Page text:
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Asperger's Disorder

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Asperger's Disorder was first described 60 years ago by an Austrian pediatrician Hans Asperger. Hans work drew little interest until Lorna Wing published a similar description for the English speaking population, which inspired much interest and research to define the diagnosis of Asperger's Disorder.

Despite disagreements, Aspergers has become a common diagnosis over the past 10 years. Aspergers is now used to describe what used to be called "high functioning autism". Uninformed "experts" often apply the label to anyone who is socially awkward, has difficulty reading social cues, or is aloof in social situations. There is a tendency to leap to the diagnosis of Asperger's Disorder for people who have difficulty reading and responding to social cues. Asperger's Disorder is a significantly weakening condition for those affected by it, and is not an appropriate label for those who are simply awkward, eccentric, or uncomfortable in social settings.

There are many different symptoms of Asperger's Disorder, some still being studied. Some of these include: socially and emotionally inappropriate behavior, limited interests or preoccupation with a subject, repetitive behaviors or rituals - can become quite anxious and upset if routines change, peculiarities in speech and language, sensitivity to loud noises, problems with nonverbal communication - interpreting body language, lack of empathy, clumsy and uncoordinated motor movements, inflexibility or rigid thinking, above average intelligence - achieving IQ scores in excess of 140, specialized fields of interest or hobbies.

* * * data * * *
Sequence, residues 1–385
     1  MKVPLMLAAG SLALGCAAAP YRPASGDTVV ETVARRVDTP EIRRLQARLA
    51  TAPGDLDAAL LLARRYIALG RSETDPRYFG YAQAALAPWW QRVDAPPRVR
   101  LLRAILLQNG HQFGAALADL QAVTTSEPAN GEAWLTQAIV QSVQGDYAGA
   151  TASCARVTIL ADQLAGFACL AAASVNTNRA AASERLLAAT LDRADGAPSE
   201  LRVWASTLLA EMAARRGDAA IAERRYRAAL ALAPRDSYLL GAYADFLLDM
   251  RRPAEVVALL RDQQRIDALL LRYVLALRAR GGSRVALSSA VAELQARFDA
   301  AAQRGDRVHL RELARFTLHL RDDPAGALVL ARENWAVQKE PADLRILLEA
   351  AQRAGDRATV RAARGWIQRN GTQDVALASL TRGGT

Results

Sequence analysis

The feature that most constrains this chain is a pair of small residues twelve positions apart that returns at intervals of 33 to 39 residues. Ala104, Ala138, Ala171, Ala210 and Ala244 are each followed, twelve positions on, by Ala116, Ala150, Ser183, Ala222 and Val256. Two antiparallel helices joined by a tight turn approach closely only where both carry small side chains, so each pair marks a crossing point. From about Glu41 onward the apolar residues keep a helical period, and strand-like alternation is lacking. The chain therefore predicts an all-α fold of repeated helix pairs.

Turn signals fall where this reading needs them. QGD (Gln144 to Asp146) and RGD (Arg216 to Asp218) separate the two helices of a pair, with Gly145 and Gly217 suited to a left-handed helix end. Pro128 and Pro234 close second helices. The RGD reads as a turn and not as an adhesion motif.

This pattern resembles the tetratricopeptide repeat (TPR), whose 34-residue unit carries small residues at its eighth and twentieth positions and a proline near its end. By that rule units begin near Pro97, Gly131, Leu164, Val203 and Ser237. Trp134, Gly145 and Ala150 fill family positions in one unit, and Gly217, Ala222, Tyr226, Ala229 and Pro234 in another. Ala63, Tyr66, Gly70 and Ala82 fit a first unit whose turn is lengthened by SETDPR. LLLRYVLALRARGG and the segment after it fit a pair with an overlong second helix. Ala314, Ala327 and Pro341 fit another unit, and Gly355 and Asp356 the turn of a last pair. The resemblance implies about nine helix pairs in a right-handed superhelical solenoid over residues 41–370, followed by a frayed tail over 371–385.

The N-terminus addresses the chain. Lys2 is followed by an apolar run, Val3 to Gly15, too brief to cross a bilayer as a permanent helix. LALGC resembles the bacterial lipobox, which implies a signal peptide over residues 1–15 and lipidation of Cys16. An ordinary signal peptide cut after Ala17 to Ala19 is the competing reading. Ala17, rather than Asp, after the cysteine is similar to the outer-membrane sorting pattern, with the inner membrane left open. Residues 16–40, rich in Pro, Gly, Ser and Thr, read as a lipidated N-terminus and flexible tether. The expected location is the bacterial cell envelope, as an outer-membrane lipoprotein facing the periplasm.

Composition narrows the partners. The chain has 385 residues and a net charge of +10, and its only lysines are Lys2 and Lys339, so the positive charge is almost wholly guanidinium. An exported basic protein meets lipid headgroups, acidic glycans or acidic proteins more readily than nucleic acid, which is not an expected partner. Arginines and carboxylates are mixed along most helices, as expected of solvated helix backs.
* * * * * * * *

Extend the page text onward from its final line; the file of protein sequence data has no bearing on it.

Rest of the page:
Most people with autism characteristically show major handicaps in intellect and their ability to think and learn, people with Asperger's Disorder typically do not have such problems. Although these people often show unevenness in their abilities, they may score quite highly on intelligence or achievement tests, and doing especially well on verbal tasks and tests, relying heavily on memory for these tasks. Structured academic course work the emphasizes on memory skills will play to their strengths, especially when modifications are made that address their limitations. If the child is identified as gifted, they may also receive special accommodation, such as more individual instruction, which can help them perform well.

As with autism, people with Asperger's Disorder have extreme difficulties with interpersonal relations, they lack empathy and the ability to read and interpret social cues. They strongly prefer routine and structure, and they are usually fascinated with rituals, sometimes to the point of obsession, which can also affect interpersonal relationships.

Most Asperger's Disorder children have a strong fascination to something for a period of time and then the fascination will switch to something else. These obsessions may seem odd, even weird



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